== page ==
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Who needs the cafeteria? Make your own easy, delicious, animal-free meals! Let PETA turn your dorm room or apartment into the campus destination for amazing vegan food! Inside are the 250 simplest, most scrumptious recipes for college vegans on a budget - and the best part is, the most complicated kitchenware you'll ever need is a microwave. With vegan recipes collected from PETA's nearly 2 million members, we've got all the best insider info: Vegan alternatives to meaty, eggy, and milky stuff How to stock your kitchen/mini-fridge How to made meat-free sandwiches, salads, soups and stews Breakfast, lunch and dinner recipes The best drinks, dips, sauces, and dressings Unbelievable vegan dessert recipes Spotlight sections on the staples we love: peanut butter, potatoes and Ramen Featuring a forward from PETA president Ingrid E. Newkirk, this is the essential college cookbook for every vegetarian or vegan on a budget. PRAISE FOR PETA'S VEGAN COLLEGE COOKBOOK: "PETA's Vegan College Cookbook makes me want to go back to school and earn a degree in yum." Hunter Burgan, AFI and Hunter Revenge "I live on a tour bus so if it can't be made in the microwave or eaten right from the refrigerator or pantry, then I don't eat it. PETA's Vegan College Cookbook is perfect for me and my lifestyle." Kellie Pickler, country music star and former American Idol contestant A lifelong vegetarian saves around: 760 chickens 5 cows 20 pigs 29 sheep 46 turkeys 15 ducks 7 rabbits and half a ton of fish.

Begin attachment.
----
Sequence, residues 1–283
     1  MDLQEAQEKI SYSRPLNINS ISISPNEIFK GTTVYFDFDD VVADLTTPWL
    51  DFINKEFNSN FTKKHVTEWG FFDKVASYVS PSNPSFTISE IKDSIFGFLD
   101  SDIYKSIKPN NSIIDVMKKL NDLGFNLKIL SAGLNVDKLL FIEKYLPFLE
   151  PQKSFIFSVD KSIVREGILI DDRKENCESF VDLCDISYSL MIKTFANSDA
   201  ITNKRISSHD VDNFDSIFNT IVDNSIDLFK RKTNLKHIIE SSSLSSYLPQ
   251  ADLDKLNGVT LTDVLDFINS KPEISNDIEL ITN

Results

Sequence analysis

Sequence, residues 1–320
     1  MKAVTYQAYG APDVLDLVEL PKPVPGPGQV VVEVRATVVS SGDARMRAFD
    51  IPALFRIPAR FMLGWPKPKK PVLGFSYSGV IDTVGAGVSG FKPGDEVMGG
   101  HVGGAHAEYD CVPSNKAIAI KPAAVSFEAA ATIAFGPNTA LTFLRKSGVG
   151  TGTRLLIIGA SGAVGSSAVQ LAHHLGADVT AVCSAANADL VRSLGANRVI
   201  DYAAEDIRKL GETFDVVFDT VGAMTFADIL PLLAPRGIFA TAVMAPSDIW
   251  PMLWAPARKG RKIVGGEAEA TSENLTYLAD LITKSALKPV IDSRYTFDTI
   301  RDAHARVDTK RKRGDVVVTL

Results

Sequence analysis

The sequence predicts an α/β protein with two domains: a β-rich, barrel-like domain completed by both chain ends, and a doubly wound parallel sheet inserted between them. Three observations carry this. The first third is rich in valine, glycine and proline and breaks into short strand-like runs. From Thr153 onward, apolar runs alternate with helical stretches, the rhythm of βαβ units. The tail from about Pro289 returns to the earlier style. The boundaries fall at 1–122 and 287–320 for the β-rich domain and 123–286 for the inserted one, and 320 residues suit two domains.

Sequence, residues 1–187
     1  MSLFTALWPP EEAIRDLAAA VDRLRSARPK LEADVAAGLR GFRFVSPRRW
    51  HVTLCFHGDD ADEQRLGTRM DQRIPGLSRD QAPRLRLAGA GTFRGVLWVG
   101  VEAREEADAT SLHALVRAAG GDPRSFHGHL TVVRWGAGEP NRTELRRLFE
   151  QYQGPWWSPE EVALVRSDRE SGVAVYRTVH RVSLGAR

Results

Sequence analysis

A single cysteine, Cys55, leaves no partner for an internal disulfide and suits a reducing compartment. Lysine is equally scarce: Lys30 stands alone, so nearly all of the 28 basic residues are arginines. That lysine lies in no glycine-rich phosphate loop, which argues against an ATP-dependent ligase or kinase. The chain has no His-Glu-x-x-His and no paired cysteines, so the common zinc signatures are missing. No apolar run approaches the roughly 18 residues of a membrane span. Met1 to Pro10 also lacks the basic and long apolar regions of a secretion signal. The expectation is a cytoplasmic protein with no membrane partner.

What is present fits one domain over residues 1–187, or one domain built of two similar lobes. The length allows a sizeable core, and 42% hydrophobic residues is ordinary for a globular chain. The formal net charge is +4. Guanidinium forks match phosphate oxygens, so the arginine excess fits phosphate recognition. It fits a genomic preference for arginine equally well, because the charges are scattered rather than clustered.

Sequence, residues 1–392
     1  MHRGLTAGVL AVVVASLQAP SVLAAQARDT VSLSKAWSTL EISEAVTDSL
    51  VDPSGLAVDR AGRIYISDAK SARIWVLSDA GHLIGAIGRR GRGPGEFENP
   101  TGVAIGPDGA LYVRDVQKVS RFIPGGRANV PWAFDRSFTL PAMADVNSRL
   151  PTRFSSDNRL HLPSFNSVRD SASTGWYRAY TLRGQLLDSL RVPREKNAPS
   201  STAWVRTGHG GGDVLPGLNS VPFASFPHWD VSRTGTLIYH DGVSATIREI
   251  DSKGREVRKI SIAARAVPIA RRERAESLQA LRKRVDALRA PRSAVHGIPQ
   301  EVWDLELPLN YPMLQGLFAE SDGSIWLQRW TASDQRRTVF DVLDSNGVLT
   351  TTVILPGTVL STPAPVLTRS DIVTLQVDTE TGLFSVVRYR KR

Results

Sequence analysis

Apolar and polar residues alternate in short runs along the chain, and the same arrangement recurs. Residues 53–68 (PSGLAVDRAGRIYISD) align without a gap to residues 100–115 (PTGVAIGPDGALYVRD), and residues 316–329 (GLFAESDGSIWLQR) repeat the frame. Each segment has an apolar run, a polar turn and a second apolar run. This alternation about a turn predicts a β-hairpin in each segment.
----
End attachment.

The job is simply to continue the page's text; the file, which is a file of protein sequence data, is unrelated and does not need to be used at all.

<p><strong>Excerpt from Part One: What You Need to Know</strong></p><p>In the Beginning, There Was the Microwave </p><p>You may be wondering why we didn't just make a vegan cookbook that requires a, you know, stove. Well, we know you're busy. After spending hours on end cramming Shakespeare into your head, we're positive that the last thing you want to do is stand in front of a hot stove stirring sauce or waiting for a pot of water to boil. And c'mon—a microwave is so much more accessible than a stove. Microwave in the student union or your dorm room? Check.Stovetop? Not so much.</p><p>Microwaved vegan food. Yum! Okay, we're not totally naïve here—we know this probably conjures up an image of a bowl of nuked, wilted kale or some other oh-so-healthy (but possibly gag-inducing) green food. However, at PETA we're all about breaking stereotypes, so we've created a cookbook dedicated to vegan food that doesn't require a stove and tastes delicious. </p><p>College is supposed to be the time in your life when you're really figuring out how to fend for yourself. You're already trying to figure out physics and how to get out of going to your 8 a.m., so who has time to learn how to flambé or frappé? Did you know you can actually make pasta without a pot or pancakes without a pan? Well, believe it, buddy. We can teach you all you need to know to make simple, effortless meals. You'll have plenty of time later on in life to make friends with your stove.</p><p>We're betting you've been there—nuking package after package of ramen. Opening the freezer with your fingers crossed, hoping there's a frozen burrito lurking behind the ice tray. Or gagging down some pizza, trying your hardest not to dwell on the fact that mold makes interesting shapes in a week—anything to put off actually spending time and effort cooking a meal. That's where we come in.</p><p>Why didn't we make a cookbook that's just like every other one out there? Because we love being the black sheep, the lone wolf, the creep in the back corner. Okay, maybe not that last one, but you get the idea.<br>We dare to be different, and we bet you are itchin' to do the same.</p><p><strong>Heads Up</strong><br>So we know you are old enough and smart enough to know how to work a microwave safely, but we still worry! Please humor us and keep the following in mind when using a microwave:</p><ul><li>Take extreme caution when removing containers of hot food and boiling water from the microwave to avoid spills and burns. Burns don't feel so hot. (Get it?)</li><li>Although most plastic containers are microwave-safe, please double check before putting one in the microwave. When in doubt, use a container that is clearly marked "Microwave Safe" or "Microwaveable."</li><li>Of course, no metal objects in the microwave! You know you don't want to be that guy—the person in your dorm or apartment that catches the only working microwave on fire. </li></ul><p>Also, FYI, all of these recipes were tested in 700-watt microwaves and heated on the HIGH setting unless otherwise mentioned in the recipe. Cooking times may vary depending on altitude and microwave. </p><p>OK , that should cover all of the boring, lecture-y stuff. On to the fun part!</p>